“With the current release of Super Street Fighter IV, we knew that we would face challenges. Would fans think that the title was justified so soon after the release of Street Fighter IV From a marketing communication standpoint what would we say to the fans that would make them come back to the franchise again I loved the advertising that was done for Street Fighter IV in early 2009. The ads featuring iconic character imagery along with a call to action of ‘Let’s Do This’ and lines such as ‘Hit It Again For The First Time’ and ‘Return Of The Beatdown’ had received such great fan reactions that we really wanted to raise the bar.”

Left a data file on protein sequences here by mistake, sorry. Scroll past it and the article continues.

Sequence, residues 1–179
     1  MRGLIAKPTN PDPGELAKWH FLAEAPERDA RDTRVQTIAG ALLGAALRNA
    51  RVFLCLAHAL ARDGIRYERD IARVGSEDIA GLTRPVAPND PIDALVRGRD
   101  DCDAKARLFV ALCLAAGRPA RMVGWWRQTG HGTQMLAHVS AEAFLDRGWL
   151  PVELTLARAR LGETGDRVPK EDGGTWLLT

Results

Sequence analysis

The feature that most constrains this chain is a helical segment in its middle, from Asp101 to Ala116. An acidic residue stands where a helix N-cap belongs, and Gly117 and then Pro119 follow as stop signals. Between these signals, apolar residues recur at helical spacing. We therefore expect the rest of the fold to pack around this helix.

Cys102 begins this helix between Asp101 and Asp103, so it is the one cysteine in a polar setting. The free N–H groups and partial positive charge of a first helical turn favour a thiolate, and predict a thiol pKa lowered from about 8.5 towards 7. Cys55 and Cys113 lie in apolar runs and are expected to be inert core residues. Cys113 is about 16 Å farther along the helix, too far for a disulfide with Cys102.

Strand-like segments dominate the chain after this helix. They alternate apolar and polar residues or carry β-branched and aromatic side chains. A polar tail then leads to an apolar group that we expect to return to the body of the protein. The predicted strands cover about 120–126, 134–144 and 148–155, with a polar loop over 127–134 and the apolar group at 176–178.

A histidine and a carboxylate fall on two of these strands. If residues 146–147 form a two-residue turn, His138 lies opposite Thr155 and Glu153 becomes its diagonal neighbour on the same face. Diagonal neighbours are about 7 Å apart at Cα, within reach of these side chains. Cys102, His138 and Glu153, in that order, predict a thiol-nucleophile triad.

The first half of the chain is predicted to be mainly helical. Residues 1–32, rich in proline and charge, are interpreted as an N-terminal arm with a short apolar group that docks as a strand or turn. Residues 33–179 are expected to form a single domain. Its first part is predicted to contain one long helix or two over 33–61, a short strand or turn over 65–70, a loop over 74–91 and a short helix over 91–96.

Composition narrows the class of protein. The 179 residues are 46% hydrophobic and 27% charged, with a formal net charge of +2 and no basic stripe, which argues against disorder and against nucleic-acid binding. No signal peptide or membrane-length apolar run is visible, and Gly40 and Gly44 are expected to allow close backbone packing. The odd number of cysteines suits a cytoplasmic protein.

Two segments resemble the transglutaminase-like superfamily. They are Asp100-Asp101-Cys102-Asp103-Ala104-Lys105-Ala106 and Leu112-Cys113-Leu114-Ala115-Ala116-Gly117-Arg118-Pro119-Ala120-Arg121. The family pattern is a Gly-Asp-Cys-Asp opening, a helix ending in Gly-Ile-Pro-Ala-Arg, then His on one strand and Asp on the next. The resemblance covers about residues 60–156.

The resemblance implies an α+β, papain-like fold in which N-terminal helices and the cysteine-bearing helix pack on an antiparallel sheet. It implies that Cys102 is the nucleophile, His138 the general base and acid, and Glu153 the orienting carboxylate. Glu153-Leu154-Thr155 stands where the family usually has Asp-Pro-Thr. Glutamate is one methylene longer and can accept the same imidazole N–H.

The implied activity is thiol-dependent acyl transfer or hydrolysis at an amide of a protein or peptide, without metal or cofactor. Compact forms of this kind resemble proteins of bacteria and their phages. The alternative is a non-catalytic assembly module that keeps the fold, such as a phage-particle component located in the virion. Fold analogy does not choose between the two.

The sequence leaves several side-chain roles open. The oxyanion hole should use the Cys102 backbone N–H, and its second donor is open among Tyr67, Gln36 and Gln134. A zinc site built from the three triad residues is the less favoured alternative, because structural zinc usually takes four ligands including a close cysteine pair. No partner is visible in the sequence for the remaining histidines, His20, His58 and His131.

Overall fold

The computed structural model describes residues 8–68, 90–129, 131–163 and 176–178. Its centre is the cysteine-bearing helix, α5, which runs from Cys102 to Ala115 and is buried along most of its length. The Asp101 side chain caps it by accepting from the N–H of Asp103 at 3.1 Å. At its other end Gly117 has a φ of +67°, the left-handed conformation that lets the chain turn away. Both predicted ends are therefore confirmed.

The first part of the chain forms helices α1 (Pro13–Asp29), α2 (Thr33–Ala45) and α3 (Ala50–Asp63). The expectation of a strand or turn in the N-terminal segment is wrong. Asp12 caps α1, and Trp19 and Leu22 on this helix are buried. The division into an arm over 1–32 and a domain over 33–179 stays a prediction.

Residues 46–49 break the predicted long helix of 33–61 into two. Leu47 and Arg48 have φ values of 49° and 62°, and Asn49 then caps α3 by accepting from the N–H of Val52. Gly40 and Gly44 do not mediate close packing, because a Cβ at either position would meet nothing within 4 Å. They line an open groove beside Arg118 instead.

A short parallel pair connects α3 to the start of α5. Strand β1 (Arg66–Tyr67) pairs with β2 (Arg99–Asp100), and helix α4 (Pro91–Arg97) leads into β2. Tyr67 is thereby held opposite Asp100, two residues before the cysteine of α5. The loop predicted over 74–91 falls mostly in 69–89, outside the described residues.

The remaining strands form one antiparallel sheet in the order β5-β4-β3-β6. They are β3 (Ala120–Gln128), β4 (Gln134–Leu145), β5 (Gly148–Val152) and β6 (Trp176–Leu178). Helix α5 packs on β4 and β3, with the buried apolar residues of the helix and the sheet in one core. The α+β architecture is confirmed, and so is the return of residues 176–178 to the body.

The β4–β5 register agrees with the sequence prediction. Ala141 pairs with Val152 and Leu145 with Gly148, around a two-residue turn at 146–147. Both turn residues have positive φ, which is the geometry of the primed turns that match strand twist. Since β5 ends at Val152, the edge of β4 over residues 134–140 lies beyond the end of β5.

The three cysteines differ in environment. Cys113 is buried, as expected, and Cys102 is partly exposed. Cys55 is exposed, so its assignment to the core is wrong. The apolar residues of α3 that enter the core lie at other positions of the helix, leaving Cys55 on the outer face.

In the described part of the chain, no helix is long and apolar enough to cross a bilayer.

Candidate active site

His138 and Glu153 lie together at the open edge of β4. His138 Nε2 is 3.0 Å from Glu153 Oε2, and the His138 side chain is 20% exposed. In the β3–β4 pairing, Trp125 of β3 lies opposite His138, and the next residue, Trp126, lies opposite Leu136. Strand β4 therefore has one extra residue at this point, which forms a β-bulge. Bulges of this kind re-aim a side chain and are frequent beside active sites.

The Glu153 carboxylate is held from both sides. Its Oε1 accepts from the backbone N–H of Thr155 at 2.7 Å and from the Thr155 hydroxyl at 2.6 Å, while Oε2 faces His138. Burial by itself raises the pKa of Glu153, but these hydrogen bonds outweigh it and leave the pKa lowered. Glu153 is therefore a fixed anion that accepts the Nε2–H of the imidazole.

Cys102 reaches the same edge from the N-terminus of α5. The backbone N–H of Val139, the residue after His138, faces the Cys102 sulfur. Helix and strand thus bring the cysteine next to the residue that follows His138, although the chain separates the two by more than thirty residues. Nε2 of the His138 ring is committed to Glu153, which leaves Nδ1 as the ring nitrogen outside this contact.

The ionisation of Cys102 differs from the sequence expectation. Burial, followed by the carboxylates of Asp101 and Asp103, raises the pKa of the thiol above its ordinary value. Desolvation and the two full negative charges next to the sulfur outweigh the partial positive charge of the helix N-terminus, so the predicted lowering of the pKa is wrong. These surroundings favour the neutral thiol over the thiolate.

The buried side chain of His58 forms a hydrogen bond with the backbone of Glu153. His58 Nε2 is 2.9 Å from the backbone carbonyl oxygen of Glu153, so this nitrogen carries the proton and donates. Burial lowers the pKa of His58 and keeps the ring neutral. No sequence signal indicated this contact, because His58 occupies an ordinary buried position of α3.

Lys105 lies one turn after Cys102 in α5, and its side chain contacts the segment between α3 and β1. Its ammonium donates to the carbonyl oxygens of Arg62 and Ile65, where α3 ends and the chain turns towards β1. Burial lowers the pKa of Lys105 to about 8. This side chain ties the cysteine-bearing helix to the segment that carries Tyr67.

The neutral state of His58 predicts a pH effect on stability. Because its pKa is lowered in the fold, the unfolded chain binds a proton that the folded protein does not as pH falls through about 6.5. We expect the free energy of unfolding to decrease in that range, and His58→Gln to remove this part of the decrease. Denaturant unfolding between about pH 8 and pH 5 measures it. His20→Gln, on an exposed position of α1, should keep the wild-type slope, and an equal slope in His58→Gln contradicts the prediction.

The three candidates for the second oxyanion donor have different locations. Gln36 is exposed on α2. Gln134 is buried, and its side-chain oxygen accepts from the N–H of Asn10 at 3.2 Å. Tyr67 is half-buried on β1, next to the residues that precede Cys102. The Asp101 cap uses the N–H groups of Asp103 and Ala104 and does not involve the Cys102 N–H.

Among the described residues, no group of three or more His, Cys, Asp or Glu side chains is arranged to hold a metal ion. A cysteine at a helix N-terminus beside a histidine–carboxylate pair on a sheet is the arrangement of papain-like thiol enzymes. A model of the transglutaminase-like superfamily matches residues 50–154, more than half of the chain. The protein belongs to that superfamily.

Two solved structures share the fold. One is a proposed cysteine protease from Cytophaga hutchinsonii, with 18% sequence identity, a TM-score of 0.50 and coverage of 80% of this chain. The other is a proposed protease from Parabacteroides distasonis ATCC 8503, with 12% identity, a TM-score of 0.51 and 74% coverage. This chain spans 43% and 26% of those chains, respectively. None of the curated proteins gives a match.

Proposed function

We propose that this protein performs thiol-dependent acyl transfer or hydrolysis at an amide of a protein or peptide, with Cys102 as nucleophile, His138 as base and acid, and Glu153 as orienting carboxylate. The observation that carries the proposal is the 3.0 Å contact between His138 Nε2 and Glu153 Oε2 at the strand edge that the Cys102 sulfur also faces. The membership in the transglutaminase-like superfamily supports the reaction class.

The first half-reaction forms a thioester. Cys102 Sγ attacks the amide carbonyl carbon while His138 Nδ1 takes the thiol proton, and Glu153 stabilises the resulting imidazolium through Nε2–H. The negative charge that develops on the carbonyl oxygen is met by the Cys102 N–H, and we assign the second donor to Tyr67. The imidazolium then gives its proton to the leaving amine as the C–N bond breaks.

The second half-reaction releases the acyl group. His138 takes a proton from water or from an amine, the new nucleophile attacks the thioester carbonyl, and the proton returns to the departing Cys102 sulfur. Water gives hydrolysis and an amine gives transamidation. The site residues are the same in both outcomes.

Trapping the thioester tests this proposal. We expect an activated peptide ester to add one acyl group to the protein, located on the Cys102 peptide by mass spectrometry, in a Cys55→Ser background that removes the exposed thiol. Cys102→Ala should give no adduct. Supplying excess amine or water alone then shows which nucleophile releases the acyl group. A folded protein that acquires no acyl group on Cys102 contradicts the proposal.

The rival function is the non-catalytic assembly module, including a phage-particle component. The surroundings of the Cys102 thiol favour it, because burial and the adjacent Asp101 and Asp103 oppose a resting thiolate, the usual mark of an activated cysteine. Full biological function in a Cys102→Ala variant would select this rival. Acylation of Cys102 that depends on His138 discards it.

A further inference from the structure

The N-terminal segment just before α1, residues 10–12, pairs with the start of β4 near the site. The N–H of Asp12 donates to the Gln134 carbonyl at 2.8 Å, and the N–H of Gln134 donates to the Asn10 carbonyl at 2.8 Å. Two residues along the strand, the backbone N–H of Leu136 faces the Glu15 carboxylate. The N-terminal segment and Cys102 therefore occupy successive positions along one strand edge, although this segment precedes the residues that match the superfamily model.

“We conducted research that showed us that communicating the newest features of the game, while not making players feel like they were buying a massive patch to Street Fighter IV, and the lower price of $39.99 were critical to our success. One of the most interesting things that came out of the research was the confirmation of something that anyone who has attended a Street Fighter event has probably noticed. Unlike most games and franchises that have racial and ethnic breakdowns, which roughly correspond to the U.S. population, Street Fighter IV significantly over-indexes within African American and Asian American communities and significantly under-indexes with Caucasian consumers. Armed with the knowledge of what we had to say and who we were speaking to, we could have gone in many directions. Our ads could have featured players that looked like they had stepped out of a Benetton ad surrounded by dozens of bullet points and screenshots, but this would have been extremely lazy of us. Working with our agency Ammirati, who also did the campaign for last February’s release, I feel that we ended up in a much better place and with a campaign that I am extremely proud of.”